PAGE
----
Migration of the Ogle family to Ireland
Some of the Ogle family moved to Ireland, but this topic is not covered in this excerpt.
Another 162 words (12 lines of text) about their life in Ireland is included in all our PDF Extended History products and printed products wherever possible.
Ogle migration to the United States +
Some of the first settlers of this family name were:
Ogle Settlers in United States in the 17th Century
- William Ogle, who landed in Maryland in 1661 
- Jane Ogle, who landed in Maryland in 1678 
- Catherine and John Ogle, who settled in Providence in 1679
- John Ogle, aged 32, who arrived in New York in 1680 
Ogle Settlers in United States in the 18th Century
- William Ogle, who arrived in Virginia in 1701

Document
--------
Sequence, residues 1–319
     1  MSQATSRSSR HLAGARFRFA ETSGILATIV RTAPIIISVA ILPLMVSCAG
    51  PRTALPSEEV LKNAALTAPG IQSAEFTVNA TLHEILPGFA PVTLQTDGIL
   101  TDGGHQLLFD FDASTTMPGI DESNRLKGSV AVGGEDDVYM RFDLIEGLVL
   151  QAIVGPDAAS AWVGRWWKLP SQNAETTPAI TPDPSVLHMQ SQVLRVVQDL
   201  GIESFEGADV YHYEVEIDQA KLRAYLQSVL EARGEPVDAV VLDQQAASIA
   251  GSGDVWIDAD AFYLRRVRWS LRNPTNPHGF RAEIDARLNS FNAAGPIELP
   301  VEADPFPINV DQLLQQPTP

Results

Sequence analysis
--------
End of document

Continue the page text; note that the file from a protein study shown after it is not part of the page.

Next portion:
- Henry Ogle, who landed in West Indies in 1704 
- Benjamin and Eleanor Ogle, who settled in Virginia in 1774
Ogle Settlers in United States in the 19th Century
- George Ogle, who arrived in New York in 1832 
- J A Ogle, who arrived in San Francisco, California in 1851 
Ogle migration to Canada +
Some of the first settlers of this family name were:
Ogle Settlers in Canada in the 18th Century
- Mark Ogle, who landed in Nova Scotia in 1750
- Michael Ogle, who arrived in Nova Scotia in 1750
Ogle migration to Australia +
Emigration to Australia
followed the First Fleets
of convicts, tradespeople and early settlers. Early immigrants include:
Ogle Settlers in Australia in the 19th Century
- Mr. William Ogle, (b. 1775), aged 28, English stonemason who was convicted in Middlesex, England for life, transported aboard the "Coromandel" on 4th December 1803, arriving in New South Wales, Australia